Caresse Crosby (1891-1970): America’s First Girl Scout

It’s true! In 1910, Robert Baden-Powell came to America to help get the Boy Scouts going here and brought Lady Baden-Powell with him.  She somehow wound up at our  subject’s school  and had lunch with Miss Ruutz-Rees.

Mrs. Crosby writes:  “I am sure it was in exchanging modern ideas over the after luncheon coffee cups that they together with Miss Loundes and Miss Lewis (both as British as buns) brewed the scheme for instigation of a Girls Scout movement right there at Rosemary.”

Polly was chosen as the first initiate, and got the name Policumteenawa, signifying Little-Possum-By-the-Fire, or some such.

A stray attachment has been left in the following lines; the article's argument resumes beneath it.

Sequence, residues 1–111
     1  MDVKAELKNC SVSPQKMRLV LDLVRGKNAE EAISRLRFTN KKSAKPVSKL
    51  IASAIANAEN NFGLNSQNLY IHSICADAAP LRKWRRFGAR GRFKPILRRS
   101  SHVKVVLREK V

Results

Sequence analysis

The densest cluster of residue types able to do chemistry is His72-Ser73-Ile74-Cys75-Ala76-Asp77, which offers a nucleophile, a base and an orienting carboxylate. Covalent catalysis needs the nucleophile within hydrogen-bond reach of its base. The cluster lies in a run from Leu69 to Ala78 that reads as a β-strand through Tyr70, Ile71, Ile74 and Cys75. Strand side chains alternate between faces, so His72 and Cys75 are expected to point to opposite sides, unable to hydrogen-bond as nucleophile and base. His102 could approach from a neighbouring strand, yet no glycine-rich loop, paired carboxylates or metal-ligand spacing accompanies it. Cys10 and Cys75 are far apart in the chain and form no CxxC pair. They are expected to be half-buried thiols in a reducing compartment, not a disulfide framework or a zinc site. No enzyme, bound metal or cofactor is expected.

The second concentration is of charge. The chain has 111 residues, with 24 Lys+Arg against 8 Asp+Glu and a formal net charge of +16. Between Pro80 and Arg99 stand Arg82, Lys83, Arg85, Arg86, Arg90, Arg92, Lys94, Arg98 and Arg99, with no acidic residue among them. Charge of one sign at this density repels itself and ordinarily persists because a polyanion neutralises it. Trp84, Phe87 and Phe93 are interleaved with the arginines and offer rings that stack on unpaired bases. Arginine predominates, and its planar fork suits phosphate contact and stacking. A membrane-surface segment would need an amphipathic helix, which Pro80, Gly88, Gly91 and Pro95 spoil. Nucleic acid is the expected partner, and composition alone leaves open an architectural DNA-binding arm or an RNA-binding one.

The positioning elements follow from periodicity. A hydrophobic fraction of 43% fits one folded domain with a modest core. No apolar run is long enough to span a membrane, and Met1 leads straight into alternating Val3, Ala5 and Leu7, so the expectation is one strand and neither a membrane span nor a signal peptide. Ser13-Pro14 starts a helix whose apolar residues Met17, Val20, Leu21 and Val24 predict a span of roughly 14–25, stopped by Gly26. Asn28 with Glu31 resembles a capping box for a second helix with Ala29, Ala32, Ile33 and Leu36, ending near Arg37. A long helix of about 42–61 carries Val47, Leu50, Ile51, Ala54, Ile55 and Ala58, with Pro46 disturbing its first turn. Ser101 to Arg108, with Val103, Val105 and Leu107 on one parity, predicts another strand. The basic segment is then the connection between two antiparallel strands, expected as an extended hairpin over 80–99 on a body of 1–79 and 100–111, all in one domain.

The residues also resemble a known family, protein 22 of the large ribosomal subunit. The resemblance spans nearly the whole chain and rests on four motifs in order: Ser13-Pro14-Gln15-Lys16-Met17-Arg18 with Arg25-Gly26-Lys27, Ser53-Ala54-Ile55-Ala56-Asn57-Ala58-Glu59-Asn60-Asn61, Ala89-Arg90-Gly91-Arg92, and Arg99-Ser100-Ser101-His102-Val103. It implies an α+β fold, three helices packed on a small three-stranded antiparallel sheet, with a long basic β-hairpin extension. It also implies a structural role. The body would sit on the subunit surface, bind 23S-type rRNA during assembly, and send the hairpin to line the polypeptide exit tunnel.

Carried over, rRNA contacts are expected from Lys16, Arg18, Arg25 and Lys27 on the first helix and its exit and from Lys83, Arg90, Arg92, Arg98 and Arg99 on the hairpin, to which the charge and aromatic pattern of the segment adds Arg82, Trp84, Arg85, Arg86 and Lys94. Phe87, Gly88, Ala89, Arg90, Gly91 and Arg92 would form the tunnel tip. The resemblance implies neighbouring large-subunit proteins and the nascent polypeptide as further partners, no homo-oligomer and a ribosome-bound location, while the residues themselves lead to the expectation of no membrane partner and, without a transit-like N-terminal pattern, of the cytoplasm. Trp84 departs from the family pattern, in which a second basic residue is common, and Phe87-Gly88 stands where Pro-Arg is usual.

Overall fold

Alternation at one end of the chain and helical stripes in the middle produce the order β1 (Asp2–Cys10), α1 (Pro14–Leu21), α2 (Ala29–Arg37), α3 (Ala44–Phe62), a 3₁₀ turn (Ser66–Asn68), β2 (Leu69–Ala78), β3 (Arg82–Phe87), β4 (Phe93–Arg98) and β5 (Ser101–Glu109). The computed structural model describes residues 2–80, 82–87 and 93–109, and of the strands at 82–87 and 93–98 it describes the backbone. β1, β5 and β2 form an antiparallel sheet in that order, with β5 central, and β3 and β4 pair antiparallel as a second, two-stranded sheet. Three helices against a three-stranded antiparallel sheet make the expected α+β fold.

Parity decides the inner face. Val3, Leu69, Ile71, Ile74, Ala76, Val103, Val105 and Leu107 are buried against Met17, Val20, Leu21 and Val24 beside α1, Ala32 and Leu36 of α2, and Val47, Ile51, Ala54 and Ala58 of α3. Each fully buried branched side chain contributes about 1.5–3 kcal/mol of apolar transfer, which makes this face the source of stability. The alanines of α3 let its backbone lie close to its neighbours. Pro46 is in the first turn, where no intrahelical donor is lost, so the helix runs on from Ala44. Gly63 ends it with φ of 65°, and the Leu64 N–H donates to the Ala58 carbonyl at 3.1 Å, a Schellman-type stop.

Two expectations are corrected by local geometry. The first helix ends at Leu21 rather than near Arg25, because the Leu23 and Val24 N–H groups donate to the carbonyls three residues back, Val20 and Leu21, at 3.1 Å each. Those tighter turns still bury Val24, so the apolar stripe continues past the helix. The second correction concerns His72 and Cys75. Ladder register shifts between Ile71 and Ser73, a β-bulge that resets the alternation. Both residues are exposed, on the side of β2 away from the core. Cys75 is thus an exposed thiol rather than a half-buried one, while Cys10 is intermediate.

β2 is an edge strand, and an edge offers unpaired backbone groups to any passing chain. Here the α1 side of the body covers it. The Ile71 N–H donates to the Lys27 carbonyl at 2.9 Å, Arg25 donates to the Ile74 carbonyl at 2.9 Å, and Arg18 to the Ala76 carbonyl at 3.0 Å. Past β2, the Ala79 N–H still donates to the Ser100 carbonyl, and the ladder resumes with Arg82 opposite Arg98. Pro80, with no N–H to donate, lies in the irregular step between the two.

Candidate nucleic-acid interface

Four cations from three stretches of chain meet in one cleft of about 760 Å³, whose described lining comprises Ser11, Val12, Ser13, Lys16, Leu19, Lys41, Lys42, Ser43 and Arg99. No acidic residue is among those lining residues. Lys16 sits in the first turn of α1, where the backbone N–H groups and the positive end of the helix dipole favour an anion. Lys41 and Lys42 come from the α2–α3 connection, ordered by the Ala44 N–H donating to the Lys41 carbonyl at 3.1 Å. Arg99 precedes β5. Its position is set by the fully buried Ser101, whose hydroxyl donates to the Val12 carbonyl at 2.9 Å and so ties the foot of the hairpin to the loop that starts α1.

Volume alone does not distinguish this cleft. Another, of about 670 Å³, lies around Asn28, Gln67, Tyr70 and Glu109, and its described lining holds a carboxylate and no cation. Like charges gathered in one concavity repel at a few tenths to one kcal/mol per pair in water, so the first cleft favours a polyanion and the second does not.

But we get ahead of ourselves. Continue reading

Denis Papin, 1647-1712: Letting Off Some Steam

The  steam boat, that was Robert Fulton’s baby, right?  Good old 19th century American know-how.  No? Not him?

Okay, James Watt, then.  Just the sort of thing a clever Scottish engineer would come up with.

The French beat them both to the punch.  Denis Pepin built the first steam driven paddle boat – in 1704.

The fellow wasn’t even a mechanic.  Not by training at least,  His university degree was in medicine, and even at an advanced point in his non-medical career he was referred to as le medecin Papin. Continue reading